#61  
Old 11-04-2020, 04:02 PM
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Originally Posted by lazjen View Post
I'm not sure where to start - there's a few messages in this thread that are simply amazing in that they've been written in the first place. If you want to talk conspiracy theories, go to your lunatics on facebook, we don't need it here.

And the persistent comparisons to other illnesses or types of deaths. Do some research just to show how wrong you've got it. Stop spouting stupid nonsense please.

A quick search for US data, gives this: "For 2016 specifically, National Highway Traffic Safety Administration (NHTSA) data shows 37,461 people were killed in 34,436 motor vehicle crashes, an average of 102 per day." <-- Currently, the US is at nearly 2000 per day deaths due to covid-19 (total at time of writing 18K+). They will probably go well past this figure by the end of the month.

Just because we were quicker to react and put in place measures to reduce the number of deaths means we might be lucky to get under our vehicle deaths for the year. USA is an example where they won't - and this should be an alarm bell for your damn brain to realise why we are in lockdown.

And as for the flu numbers. I can't believe the comparison is still being made. Totally irrational. I wonder if these people would have been similar to those who whinged about Y2K and nothing happening? Nothing happened because we intervened and stopped it from happening, but some people are so blind they can't see that.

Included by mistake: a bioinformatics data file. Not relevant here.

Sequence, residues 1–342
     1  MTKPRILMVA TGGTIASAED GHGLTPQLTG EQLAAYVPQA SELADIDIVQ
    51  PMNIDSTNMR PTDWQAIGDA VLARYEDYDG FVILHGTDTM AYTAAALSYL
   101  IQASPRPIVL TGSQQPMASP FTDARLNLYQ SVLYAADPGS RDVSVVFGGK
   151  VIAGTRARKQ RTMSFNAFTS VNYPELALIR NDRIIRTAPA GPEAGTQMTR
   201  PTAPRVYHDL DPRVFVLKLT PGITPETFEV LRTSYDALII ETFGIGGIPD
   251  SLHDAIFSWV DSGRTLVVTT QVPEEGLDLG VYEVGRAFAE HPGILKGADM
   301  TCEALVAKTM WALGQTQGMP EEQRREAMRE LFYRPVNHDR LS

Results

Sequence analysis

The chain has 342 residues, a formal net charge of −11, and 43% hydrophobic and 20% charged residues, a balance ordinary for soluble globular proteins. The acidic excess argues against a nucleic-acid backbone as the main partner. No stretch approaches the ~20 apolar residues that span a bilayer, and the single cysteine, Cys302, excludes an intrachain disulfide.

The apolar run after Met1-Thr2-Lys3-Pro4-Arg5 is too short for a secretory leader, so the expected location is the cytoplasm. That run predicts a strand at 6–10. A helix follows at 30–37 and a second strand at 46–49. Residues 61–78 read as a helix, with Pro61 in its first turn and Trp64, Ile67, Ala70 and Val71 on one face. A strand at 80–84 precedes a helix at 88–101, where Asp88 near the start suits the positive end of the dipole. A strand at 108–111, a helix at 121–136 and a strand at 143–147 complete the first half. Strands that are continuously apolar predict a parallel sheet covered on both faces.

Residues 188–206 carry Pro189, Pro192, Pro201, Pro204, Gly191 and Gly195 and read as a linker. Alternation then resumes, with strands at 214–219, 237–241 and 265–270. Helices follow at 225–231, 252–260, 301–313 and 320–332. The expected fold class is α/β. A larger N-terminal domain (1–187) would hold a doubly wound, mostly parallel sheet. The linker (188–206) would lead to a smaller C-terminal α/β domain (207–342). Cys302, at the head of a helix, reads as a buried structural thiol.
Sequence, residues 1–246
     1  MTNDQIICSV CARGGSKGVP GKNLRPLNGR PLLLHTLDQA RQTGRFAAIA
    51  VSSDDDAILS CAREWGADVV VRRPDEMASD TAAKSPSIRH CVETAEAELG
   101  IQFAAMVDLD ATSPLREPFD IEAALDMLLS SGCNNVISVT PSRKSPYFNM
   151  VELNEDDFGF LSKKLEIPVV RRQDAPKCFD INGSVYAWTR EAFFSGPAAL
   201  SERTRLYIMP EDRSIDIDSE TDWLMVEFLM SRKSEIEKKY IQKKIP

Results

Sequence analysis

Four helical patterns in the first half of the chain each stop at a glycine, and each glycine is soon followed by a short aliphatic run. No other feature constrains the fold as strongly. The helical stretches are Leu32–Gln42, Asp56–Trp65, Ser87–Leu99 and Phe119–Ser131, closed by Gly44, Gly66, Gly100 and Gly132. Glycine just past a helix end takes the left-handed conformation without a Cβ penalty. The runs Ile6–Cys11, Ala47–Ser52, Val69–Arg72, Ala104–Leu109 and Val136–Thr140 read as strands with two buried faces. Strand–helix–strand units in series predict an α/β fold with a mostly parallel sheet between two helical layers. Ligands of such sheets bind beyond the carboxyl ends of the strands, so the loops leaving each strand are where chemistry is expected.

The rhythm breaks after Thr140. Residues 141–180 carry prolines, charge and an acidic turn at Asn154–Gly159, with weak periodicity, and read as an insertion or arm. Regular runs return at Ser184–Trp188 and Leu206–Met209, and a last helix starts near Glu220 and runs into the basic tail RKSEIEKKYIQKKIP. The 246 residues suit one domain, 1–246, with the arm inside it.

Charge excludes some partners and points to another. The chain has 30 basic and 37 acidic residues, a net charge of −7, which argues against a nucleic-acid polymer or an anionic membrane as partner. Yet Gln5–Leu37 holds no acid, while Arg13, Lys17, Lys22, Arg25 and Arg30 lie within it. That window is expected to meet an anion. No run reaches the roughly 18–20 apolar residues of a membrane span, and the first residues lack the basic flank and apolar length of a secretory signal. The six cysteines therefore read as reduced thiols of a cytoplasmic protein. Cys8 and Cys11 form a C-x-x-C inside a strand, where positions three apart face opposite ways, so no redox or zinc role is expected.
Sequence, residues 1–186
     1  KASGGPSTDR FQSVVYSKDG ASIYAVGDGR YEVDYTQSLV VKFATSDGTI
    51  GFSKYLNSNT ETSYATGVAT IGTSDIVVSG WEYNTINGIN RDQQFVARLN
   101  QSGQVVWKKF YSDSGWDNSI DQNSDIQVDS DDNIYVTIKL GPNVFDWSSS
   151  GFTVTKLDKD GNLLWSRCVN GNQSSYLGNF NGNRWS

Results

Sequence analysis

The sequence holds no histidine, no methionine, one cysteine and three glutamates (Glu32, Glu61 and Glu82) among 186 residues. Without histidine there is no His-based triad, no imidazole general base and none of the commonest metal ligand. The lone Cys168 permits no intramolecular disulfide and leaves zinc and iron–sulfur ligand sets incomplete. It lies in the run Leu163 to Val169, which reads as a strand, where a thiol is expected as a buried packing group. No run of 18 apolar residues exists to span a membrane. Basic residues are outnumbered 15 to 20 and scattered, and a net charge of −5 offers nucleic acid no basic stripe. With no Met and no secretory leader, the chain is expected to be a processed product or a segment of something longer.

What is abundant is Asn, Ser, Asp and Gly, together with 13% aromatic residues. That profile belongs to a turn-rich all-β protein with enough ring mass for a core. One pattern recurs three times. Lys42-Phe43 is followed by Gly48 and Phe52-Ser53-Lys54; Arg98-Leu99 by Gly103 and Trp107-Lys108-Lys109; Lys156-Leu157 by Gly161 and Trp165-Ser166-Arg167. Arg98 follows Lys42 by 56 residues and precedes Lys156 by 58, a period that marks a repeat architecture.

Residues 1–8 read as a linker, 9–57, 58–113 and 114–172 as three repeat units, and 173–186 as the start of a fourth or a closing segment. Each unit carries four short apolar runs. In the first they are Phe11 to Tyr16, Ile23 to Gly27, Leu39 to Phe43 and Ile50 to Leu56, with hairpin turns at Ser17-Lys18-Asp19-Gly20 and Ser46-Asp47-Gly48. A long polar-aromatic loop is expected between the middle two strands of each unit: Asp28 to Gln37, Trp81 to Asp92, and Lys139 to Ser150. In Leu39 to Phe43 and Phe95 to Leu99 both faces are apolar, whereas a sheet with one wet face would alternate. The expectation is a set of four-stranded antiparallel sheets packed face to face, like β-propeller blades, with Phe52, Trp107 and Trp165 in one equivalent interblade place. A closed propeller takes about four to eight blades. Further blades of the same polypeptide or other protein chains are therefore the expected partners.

As for the measures in place for the "social distancing", isolation, etc - I think it's gone a bit too far, but most of that has been driven by stupid people trying to either bend the rules or ignore them thinking they know better - so we get these stupid situations where some guy trying to wash his car is hassled. Individual person might be smart, but in general people are dumb.
+1

Couldn't have put this better myself..... thanks Lazjen... I'd have probably sworn a bit had I wrote it...
  #62  
Old 11-04-2020, 04:48 PM
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Originally Posted by Zuts View Post
.........
As far as travelling to a holiday home, some rural hospitals may have only one or two ventilators, so if everyone decided to visit how are these hospitals supposed to provide support to their local residents?